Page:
I thought i’d start today with a question that i can’t answer. There are two aspects to this question; what do we mean by ‘community’ and what do we mean by ‘effective’. It’s like when you run a race, you have to know what the finishing line looks like in order to know when you’ve won.
A community is just a defined group of people. They can be defined geographically, as in ‘the English’, or by skills, as in ‘the English speaking community’. Communities can be defined by inclusion, or, indeed, by exclusion. You can be a member of the ‘expat’ community, defined as someone no longer living in England. Whilst a community can be tolerant of difference, there has to be commonality and shared purpose.
Communities have to have a purpose. That purpose can be broad, like ‘survival’, or narrow, like ‘provide a nurturing and supportive environment to discuss coaching’, but they have to have a shared purpose. Indeed, communities like Facebook or LinkedIn have formed like pearls around the grain of sand of a good idea: in both of these cases, it’s enlightened self interest. People want to know what their friends are doing or be able to network for business.
What we mean by ‘effective’ is a different matter, and really just applicable in the pseudo artificial context that we must use when we set out to ‘create’ a new community. Working with a client to create their Community of Practice, we are almost starting the wrong way around. Typically, community will emerge from the reality of situations. Stick a group of people together for long enough, and they will form on, or a number, of distinct groupings, based on needs, wants, desires. It’s hard to flip it around and say that you have a ‘community’ in place, and invite people to join it.
Within a learning context, we sometimes do exactly that. If i want to set up a community of practice and build an online space where people can interact, i’m effectively having to build the village before i have a population to fill it. In fact, in some cases, i’m building a virtual city, but with no residents. And herein lies the greatest potential pitfall. As the builder of any NewTown knows, you can build the houses and shopping malls, but people have to have the desire to move in. You can’t force them. At least, you can’t force them in a western democracy.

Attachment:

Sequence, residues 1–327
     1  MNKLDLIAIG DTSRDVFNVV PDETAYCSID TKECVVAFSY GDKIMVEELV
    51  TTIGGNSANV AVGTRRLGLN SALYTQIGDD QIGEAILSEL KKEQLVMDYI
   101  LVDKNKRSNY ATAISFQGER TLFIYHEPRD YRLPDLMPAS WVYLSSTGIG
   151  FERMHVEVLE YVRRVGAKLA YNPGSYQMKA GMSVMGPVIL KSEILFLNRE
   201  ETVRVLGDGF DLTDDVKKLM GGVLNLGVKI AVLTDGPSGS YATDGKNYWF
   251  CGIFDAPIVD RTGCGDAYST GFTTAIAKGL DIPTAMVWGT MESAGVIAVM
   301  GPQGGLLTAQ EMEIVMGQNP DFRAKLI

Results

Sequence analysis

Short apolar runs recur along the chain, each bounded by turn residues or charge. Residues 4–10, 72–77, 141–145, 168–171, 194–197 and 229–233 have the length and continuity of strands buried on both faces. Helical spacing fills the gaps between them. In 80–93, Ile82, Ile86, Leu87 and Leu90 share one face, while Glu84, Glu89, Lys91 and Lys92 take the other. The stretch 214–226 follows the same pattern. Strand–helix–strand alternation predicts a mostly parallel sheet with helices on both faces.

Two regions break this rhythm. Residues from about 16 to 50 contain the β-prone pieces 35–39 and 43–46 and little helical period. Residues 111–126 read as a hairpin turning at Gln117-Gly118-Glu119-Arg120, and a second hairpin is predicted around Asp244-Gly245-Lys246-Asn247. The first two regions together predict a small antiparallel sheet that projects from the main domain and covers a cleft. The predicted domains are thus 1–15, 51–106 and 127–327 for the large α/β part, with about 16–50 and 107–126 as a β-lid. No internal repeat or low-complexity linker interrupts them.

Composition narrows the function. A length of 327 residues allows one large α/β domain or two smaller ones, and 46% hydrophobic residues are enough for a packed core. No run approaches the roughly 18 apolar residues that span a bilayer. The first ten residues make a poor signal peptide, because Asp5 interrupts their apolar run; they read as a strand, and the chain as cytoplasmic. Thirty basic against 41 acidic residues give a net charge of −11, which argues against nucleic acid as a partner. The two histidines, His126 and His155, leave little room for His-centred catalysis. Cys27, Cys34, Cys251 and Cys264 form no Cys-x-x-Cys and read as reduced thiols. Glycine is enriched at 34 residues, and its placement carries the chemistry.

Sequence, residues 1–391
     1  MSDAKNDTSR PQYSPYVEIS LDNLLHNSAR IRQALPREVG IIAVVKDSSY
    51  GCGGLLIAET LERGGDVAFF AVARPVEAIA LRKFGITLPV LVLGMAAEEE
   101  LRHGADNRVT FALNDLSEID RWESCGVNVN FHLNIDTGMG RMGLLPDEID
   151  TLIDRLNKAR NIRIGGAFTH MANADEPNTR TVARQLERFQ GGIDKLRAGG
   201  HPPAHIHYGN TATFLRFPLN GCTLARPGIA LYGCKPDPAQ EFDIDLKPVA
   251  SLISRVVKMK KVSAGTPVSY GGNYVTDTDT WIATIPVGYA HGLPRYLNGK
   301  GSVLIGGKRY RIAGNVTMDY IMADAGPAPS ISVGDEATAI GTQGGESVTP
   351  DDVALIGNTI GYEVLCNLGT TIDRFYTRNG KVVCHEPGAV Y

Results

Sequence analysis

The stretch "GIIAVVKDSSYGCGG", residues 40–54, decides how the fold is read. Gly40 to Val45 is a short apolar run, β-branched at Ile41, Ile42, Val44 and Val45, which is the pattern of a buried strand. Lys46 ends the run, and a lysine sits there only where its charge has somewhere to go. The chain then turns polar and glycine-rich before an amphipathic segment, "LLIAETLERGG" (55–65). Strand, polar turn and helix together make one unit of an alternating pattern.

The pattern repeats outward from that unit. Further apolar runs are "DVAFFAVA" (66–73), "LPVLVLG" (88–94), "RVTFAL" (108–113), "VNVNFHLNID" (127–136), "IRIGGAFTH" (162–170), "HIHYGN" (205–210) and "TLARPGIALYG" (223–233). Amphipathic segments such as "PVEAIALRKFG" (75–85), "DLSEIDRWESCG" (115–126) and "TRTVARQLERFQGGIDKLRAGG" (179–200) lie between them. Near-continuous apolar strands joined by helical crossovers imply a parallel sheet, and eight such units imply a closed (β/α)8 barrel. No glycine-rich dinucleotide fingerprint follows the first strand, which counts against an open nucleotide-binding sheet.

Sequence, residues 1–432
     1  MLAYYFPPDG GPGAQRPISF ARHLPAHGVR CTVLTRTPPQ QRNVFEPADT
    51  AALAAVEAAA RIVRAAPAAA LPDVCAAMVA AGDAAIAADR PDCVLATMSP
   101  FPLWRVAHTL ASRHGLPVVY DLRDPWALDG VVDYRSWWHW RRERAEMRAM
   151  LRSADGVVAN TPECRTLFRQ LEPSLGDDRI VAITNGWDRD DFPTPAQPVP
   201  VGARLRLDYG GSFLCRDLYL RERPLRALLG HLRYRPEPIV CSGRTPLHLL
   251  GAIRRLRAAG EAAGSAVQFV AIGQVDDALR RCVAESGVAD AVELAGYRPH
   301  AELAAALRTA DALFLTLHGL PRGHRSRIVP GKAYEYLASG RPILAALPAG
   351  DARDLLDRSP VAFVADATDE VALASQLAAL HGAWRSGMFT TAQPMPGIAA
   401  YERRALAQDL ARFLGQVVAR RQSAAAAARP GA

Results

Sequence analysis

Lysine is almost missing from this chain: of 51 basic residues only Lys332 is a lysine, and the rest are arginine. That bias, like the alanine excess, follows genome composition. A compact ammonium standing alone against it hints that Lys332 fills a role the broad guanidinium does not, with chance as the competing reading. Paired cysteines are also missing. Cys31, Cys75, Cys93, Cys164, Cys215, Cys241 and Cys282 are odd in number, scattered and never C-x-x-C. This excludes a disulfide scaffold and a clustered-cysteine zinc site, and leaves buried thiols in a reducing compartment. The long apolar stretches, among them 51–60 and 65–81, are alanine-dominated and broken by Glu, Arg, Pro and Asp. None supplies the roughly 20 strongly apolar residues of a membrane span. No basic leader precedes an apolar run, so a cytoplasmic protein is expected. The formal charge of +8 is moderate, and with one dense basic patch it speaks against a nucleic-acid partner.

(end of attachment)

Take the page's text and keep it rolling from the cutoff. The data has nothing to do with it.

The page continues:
This is probably the greatest pitfall that businesses encounter. When trying to set up corporate blogs, forums, communities, discussion areas: they assume that people will want to live there, but in reality, many people already live elsewhere and don’t want to move.
It hits the issue of formal and informal spaces right on the head. Any community that is built by the organisation is formal. It’s a work space. The best conversations often go on down at the pub, or on the beach, not in the shiny new village that you’ve built. The roots of many of these issues lie in corporate desire to ‘own’ spaces. The immediate focus of a business is to ‘create’ the space, to buy some technology, whilst what we should focus on is actually the community activity. The community can live in Twitter, Facebook, or, indeed, down at the pub. The value is in the conversations that take place, not in the architecture.
The most productive thing that can be done within any embryonic learning community is to nurture it. You need to feed in time and emotional energy to shape and challenge it. You can drive engagement through activity. The architecture, the software, is a red herring. You should be focussing efforts on engagement through dialogue and conversation, whatever the forum.
In this context, the answer to the question of ‘can you build an effective community’ is neither yes, nor no. It’s ‘maybe’. If you nurture and protect it, then probably, although you have to realise that it will steer itself and can’t be owned.